Zoning ordinances may restrict the use of buildings or land. This may prove to be an obstacle for someone who intended to include a workshop on the property. The buyer should be able to withdraw from the contract if they discover that zoning prohibits the intended use.
These agreements can be complicated, so be sure to check with a local real estate agent if you’re unsure about how to proceed.
Buying a home is one of the most exciting times that an individual will undertake in life. However, a property purchase is not without its challenges, and these can cause frustration. In this article we’ll share five potential setbacks that home buyers will need to understand and come to terms with to make a successful purchase.
Homeowner’s Insurance is Necessary
Most lenders will require insurance before financing is approved. To fulfill these requirements, the policy should be for at least one year and proof that the policy has been paid for must be presented. Purchasing the policy is something that must be done before closing can take place, so if you’re sure that this is the home for you, don’t delay.
Some Sellers Are Firm, No Matter What
In an ideal situation, the buyer and the seller come to a mutual agreement very easily. However, in most cases negotiation of some type is likely to be a part of the process. As with most negotiations, to reach success both sides will need to compromise.
Probate Properties Have Special Terms
When the original homeowner has died, there are certain considerations to keep in mind that do not typically apply to other types of property. One is the fact that there is a special process that must be completed before the property can be sold, even though the heirs may advertise the property as being for sale ahead of time. Another factor to keep in mind is that a recently probated property may have been uninhabited for some time and will be sold ‘as is’.
Loan Offers May Not Be Set in Stone
A common pitfall for many buyers is the assumption that home financing will be approved without issue. Unexpected circumstances may arise that cause a mortgage loan to be denied, which can cause an unprepared buyer numerous issues. Many sellers, in anticipation of such problems, have a contingency requirement.
Expect Caution from Sellers
If a seller treats your offer with caution or trepidation, don’t take it personally. Many homeowners have been burned during previous sales, and you have no idea what the seller has been through with potential buyers this time around. If someone is exercising caution, there’s likely a good reason for it.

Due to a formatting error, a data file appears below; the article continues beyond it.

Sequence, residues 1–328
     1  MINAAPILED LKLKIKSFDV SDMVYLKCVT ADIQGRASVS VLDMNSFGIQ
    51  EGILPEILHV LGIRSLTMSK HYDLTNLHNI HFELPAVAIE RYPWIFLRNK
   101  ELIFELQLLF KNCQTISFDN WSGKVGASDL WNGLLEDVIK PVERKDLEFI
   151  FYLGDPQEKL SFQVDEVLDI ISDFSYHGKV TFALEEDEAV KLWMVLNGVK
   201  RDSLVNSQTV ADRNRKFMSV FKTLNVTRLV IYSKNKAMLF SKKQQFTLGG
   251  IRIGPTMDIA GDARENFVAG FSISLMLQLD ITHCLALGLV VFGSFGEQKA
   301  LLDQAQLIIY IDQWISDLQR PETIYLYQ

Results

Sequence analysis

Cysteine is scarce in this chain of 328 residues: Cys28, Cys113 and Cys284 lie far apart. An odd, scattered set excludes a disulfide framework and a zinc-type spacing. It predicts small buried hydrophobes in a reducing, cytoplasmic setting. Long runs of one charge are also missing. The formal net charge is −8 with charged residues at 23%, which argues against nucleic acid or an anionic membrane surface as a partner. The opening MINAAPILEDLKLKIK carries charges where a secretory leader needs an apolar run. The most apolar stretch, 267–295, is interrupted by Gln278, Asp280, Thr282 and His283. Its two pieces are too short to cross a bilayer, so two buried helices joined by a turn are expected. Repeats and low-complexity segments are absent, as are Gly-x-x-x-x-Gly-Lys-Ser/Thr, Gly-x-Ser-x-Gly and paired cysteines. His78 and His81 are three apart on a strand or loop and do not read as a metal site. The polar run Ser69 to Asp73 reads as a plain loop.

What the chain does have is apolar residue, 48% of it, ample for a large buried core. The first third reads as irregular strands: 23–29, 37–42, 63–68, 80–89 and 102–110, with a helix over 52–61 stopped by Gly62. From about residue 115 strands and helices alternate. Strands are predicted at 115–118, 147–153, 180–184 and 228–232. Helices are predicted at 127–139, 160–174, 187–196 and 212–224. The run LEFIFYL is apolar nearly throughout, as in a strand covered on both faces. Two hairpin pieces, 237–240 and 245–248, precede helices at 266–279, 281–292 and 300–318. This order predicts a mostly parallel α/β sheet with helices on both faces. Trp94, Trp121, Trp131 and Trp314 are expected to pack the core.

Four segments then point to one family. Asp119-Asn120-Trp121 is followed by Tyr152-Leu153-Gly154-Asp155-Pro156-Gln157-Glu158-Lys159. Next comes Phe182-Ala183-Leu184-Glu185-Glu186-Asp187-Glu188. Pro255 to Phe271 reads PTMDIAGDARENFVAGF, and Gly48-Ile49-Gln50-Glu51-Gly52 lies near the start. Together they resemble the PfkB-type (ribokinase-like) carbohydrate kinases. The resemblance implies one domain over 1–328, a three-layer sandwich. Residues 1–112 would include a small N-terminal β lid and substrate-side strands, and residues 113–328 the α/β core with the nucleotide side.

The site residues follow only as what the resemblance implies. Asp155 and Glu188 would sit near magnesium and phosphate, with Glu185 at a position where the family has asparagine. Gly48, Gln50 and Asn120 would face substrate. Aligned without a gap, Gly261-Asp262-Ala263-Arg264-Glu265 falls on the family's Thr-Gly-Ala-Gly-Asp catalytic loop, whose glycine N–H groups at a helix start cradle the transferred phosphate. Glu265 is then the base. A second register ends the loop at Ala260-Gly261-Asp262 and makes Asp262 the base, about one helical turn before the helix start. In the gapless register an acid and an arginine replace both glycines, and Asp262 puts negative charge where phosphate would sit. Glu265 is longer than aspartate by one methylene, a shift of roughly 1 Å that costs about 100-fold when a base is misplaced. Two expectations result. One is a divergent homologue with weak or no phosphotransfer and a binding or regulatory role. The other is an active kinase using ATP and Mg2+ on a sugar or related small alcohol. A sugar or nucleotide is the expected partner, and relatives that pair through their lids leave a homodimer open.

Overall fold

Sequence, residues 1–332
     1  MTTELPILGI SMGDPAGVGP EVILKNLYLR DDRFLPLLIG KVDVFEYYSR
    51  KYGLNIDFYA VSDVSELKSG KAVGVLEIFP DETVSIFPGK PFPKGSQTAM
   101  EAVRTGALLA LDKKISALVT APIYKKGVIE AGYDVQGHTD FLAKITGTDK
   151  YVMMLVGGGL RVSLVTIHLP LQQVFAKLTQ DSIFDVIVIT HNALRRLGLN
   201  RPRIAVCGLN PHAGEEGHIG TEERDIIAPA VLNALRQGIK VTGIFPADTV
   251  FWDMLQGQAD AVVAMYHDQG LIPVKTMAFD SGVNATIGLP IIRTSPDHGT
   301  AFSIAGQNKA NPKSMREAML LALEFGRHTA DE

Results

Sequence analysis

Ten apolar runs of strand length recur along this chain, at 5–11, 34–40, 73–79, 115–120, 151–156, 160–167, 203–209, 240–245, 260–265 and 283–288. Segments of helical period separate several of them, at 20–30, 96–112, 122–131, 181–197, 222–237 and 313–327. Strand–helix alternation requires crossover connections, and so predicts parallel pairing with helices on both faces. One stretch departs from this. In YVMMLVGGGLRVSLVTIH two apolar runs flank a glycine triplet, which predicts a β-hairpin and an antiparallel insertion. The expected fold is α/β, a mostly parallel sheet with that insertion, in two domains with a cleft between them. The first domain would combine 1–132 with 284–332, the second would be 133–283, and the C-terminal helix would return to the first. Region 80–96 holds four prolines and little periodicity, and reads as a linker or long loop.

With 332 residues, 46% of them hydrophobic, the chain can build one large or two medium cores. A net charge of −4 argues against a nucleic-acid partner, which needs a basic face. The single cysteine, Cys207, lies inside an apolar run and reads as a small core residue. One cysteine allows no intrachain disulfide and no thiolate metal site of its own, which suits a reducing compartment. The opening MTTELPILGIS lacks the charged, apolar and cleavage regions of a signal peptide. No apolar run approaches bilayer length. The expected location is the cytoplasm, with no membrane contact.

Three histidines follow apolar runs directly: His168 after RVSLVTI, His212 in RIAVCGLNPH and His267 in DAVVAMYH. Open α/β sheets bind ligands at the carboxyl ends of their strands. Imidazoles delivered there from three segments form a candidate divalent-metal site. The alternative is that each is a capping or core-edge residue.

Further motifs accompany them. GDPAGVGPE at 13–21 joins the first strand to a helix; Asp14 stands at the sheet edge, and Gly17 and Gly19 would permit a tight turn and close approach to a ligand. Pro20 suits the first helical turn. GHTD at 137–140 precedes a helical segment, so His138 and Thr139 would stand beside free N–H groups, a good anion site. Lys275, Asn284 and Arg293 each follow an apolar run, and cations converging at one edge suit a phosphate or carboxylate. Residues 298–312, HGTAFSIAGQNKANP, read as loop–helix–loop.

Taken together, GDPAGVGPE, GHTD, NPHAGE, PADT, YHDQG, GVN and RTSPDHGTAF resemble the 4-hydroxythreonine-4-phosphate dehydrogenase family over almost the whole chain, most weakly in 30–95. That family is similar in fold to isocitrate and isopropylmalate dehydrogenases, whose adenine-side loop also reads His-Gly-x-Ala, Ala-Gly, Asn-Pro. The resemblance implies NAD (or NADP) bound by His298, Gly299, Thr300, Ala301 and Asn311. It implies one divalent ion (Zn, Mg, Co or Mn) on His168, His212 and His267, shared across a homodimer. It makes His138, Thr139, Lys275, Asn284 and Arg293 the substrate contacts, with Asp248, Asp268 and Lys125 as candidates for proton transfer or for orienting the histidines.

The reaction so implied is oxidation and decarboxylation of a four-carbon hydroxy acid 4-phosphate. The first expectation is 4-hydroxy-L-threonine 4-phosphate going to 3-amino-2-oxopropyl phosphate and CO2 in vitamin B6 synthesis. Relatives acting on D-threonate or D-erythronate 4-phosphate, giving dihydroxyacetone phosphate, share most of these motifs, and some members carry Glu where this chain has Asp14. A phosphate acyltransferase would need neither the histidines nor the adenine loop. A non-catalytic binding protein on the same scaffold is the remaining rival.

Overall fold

In closing, remember that the best way to purchase a home is through a real estate agent. When you’re ready to jump into the property market, contact a trusted local agent and they’ll be ready to assist.
Buying a home is a huge step for people who are ready to make an investment in their future. Getting a great deal on a home is just as important and knowing how much to offer could be confusing. It is important to make sure the home seller is not insulted by the lowball offer and is ready to negotiate to make sure everyone wins.
Make a List of Necessary Improvements
One of the best ways to validate a lowball offer on a home is to list improvements that need to be made to the property. If the home needs a new roof or a new heating and air conditioning system, these are reasons to offer less than the asking price. Sometimes a home may also need new flooring, paint, or matching appliances which all cost money. The buyer can make a lowball offer stating additional expenses of making sure the home is move in ready.
Explain Any Issues with the Location
Another option when considering a lowball offer is to point out problems with the location. If the home is on a busy street or close to a manufacturing district, the buyer has legitimate concerns. In the offer, list the potential problems of living too close to fast food restaurants, train tracks, or airports. A less desirable location could equal a great buy on a new home.
Provide Pricing for Comparable Homes in the Area
A knowledgeable real estate agent can help compare homes that have sold in the area. When you are writing up a lowball offer, look at the lower priced homes that have sold in the same neighborhood. A seller will quickly realize that if he wants to sell the home, he will need to accept a reasonable offer or risk letting his house sit on the market for weeks or months.
Consider the Seller’s Reasons for Selling
Finally, the seller’s situation can also be key in getting a good deal on a home. If the seller is desperate to sell because of a job relocation or if he has already bought a new home this can be the perfect reason to make a low offer and take the home off the seller’s hands. Without insulting the seller, the buyer can make an offer for less than the asking price and agree to a quick closing.